Bridewealth Project

Bridewealth in New Caledonia, Vanuatu and Papua New Guinea is structured in three stages preceded by a preliminary phase. In the preliminary phase, the bridegroom and his kin approach the prospective bride and her family with a marriage proposal. If the proposition is accepted, the bridegroom and his kin offer a gift to the bride and her family designed to “reserve” or to “mark” the bride. How one “reserves” a girl varies from region to region. For instance, on the island of Lifou in New Caledonia, the reservation of the bride is made through a gift called june hmala, which generally consists of a gift in cash of around 10 000 Fcfp (approximately 90 USD) for the bride and of 100 000 Fcfp (approximately 900 USD) for her parents (Nicolas 2012: 328). Among the Ankave-Enga of Papua New Guinea, the reservation of the bride is made with a gift of pig carcass (Pierre Lemonnier, pers. comm. 2016).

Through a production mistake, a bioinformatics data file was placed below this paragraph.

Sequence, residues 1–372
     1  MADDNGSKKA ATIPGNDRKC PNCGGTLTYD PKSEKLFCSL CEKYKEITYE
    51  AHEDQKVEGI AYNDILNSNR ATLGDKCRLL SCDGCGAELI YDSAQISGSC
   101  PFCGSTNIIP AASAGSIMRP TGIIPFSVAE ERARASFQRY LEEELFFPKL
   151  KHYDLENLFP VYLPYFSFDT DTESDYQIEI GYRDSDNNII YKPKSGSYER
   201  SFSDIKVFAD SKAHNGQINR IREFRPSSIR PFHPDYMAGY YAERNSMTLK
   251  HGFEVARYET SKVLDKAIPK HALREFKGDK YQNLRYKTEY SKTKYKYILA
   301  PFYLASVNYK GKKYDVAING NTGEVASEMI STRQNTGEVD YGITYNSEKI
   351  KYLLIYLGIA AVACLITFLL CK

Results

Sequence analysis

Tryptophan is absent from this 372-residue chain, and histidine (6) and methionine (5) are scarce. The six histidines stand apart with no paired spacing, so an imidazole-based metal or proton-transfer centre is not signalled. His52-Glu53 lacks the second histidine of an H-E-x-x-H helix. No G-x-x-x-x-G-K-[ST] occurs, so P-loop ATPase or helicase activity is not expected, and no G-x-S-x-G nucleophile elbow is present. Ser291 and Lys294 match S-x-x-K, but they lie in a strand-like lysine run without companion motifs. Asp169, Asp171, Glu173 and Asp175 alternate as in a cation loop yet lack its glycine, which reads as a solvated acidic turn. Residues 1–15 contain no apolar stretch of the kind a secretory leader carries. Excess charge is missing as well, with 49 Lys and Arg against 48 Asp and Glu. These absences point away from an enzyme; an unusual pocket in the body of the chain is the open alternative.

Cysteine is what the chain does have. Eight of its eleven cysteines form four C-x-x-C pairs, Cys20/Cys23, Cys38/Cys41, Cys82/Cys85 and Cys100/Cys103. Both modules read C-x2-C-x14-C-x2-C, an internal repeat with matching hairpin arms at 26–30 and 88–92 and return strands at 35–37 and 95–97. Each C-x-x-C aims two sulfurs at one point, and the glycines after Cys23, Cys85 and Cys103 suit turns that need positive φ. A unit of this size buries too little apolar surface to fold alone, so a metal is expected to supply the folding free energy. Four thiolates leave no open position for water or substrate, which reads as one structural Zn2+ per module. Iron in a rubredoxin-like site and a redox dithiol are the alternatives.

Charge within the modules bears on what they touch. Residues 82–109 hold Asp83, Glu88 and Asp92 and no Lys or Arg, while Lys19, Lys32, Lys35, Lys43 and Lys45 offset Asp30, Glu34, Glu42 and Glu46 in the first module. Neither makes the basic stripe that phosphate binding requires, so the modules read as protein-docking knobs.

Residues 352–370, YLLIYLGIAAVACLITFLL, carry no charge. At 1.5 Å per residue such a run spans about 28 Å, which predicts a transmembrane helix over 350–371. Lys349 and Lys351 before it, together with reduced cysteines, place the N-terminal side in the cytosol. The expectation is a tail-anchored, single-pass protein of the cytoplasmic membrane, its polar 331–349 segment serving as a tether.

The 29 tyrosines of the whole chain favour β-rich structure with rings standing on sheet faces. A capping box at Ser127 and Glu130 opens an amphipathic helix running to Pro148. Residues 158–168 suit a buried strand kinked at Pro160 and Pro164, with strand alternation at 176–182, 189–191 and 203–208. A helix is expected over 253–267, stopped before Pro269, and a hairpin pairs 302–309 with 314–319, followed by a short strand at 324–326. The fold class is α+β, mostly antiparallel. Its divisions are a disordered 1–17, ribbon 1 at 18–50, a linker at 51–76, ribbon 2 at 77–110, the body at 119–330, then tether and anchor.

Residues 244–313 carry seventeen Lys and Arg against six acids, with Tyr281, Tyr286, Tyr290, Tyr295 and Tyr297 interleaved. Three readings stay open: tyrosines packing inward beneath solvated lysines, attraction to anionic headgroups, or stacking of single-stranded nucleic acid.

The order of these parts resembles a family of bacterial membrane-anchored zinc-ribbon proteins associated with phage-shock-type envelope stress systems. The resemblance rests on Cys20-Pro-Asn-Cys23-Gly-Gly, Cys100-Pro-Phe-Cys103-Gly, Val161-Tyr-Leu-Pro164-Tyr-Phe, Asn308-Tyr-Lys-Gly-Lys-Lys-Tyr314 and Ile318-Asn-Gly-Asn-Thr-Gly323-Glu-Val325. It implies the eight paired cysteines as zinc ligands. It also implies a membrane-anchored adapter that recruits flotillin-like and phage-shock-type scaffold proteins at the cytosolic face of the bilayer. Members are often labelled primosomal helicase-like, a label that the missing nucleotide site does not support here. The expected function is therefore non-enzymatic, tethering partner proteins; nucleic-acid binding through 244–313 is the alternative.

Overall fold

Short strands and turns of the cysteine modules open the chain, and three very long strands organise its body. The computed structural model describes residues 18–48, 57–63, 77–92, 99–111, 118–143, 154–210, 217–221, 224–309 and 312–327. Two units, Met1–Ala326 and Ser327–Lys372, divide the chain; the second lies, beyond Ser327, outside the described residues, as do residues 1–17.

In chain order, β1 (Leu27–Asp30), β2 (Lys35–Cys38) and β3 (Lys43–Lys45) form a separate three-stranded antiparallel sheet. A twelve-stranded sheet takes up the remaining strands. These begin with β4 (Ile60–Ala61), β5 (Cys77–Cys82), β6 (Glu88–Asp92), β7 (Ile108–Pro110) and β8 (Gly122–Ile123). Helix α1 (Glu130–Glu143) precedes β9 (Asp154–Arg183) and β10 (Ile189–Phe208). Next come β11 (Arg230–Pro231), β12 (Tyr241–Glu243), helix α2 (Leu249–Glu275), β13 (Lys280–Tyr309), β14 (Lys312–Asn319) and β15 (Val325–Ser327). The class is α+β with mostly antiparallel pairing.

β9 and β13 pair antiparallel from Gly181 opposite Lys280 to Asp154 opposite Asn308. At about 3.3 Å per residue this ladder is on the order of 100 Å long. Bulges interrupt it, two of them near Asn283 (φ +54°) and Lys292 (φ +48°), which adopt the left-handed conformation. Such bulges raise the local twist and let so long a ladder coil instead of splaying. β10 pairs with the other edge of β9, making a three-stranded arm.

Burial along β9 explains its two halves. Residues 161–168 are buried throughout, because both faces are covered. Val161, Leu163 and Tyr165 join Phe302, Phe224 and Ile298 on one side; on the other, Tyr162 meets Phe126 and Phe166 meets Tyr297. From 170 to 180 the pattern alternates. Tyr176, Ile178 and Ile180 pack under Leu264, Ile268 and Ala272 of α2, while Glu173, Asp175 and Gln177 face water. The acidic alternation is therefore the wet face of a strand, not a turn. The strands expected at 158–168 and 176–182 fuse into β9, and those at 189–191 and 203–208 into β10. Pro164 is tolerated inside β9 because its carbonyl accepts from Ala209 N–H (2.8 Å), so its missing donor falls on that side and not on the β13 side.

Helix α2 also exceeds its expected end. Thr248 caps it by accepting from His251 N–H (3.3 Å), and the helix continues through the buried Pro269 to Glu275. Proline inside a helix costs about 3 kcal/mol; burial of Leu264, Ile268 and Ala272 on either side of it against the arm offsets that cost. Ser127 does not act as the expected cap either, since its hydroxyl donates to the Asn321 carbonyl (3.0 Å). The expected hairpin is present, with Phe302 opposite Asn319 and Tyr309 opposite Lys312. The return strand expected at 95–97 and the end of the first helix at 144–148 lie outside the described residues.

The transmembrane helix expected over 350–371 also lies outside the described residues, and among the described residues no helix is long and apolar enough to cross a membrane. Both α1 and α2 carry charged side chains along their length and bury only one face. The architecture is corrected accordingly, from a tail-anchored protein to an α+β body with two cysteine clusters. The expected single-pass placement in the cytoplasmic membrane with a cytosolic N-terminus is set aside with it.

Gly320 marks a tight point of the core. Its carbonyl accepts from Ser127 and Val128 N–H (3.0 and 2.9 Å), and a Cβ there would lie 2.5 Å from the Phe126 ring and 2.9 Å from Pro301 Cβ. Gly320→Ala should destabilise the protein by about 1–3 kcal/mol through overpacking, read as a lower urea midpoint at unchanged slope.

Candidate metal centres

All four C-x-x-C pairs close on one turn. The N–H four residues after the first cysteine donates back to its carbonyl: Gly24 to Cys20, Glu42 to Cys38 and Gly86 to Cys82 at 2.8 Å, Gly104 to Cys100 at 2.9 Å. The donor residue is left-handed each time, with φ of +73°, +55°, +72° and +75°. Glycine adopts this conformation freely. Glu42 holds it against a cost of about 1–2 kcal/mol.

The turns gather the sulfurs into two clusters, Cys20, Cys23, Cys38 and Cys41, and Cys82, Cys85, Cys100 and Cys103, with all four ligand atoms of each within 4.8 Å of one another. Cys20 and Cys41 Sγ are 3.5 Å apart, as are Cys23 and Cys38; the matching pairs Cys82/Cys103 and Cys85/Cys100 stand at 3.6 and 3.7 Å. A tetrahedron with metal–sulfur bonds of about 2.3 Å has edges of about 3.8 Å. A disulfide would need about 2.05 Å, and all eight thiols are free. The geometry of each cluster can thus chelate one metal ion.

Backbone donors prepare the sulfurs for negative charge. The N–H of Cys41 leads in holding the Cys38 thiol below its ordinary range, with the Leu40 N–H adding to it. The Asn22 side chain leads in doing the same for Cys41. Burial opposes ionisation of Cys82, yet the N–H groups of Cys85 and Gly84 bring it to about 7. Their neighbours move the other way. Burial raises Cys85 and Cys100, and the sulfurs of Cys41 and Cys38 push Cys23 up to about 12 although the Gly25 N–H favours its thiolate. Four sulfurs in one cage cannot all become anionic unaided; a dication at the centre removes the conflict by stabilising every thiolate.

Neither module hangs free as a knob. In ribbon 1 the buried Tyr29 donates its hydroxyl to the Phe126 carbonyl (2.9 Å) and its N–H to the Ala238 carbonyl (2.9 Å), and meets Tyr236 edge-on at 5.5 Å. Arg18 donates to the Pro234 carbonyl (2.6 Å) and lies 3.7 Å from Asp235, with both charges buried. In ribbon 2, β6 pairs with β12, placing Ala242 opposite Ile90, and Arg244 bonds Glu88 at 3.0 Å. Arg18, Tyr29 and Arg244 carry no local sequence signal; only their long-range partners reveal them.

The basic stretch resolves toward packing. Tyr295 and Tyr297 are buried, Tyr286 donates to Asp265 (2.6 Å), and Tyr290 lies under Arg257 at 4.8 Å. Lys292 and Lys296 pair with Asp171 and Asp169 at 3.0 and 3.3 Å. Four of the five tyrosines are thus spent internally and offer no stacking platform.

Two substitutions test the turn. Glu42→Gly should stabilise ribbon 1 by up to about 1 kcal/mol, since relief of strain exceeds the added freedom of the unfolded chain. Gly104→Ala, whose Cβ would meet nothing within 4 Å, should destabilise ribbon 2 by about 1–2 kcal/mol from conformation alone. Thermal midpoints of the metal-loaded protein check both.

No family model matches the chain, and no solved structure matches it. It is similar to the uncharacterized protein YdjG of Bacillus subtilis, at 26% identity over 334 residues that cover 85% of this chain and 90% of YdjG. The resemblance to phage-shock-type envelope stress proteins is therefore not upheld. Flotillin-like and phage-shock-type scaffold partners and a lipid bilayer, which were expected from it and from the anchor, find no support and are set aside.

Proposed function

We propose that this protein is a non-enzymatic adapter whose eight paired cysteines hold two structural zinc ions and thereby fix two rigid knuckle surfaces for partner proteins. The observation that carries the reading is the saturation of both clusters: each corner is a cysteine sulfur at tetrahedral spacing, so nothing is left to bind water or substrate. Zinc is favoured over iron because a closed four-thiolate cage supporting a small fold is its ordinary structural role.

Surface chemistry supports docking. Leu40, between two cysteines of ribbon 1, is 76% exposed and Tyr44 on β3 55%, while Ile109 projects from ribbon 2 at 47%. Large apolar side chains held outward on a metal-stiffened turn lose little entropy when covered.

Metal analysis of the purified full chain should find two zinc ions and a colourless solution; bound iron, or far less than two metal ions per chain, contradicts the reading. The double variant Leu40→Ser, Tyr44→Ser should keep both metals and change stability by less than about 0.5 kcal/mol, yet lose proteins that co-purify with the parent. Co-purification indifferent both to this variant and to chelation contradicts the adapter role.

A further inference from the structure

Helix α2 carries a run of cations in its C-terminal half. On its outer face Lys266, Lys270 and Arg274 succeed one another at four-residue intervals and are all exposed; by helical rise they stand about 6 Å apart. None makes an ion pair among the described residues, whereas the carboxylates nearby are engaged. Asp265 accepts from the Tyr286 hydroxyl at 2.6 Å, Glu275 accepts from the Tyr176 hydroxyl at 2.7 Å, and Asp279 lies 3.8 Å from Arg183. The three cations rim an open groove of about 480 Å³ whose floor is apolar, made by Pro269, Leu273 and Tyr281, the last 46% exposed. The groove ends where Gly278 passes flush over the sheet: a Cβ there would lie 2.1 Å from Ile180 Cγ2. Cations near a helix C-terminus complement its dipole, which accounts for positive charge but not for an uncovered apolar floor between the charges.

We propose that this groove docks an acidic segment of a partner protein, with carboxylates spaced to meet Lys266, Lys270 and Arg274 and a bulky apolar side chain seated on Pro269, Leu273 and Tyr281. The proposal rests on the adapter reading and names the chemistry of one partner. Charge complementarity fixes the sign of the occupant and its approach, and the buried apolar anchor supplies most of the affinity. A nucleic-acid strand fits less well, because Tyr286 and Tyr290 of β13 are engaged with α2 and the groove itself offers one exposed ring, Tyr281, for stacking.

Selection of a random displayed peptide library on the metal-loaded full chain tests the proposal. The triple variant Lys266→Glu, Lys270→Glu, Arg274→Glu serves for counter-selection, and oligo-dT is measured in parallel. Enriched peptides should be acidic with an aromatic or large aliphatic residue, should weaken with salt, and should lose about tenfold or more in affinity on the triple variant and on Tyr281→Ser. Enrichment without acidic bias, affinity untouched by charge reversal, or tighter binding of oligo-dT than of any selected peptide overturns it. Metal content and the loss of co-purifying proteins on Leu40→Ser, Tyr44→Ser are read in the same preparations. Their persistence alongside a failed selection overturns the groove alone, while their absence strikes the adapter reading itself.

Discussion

Bridewealth is typically structured in three distinct stages. In stage one, the groom and his kin assemble the necessary goods for the bridewealth payment. This phase in most communities may last up to a year. The items gathered generally include local valuables such as pigs, pandanus mats and shell money, but also cash, perishable goods such as yams, taros, coconuts, bananas and sugar cane. Payments may also include consumer items such as plastic buckets, pieces of fabric, bags of rice and sugar. The amount or value of bridewealth in these Pacific countries has varied throughout history and according to criteria such as the social status of the bride, her virginity, her residence (urban vs rural area) as well as her reputation, her beauty, her employability, etc. Members of the groom’s kin, lineage or clan must contribute to the payment for the groom’s wife. Similarly, fellow villagers and people from other villages who are connected to the groom and his family by an exchange relationship, or who have debts or obligations towards him or his kin, are expected to contribute to the bridewealth for the groom’s wife. Their contributions, in turn, trigger a series of debts that are part of a larger system of obligations which, in some cases, may be extinguished only a generation later.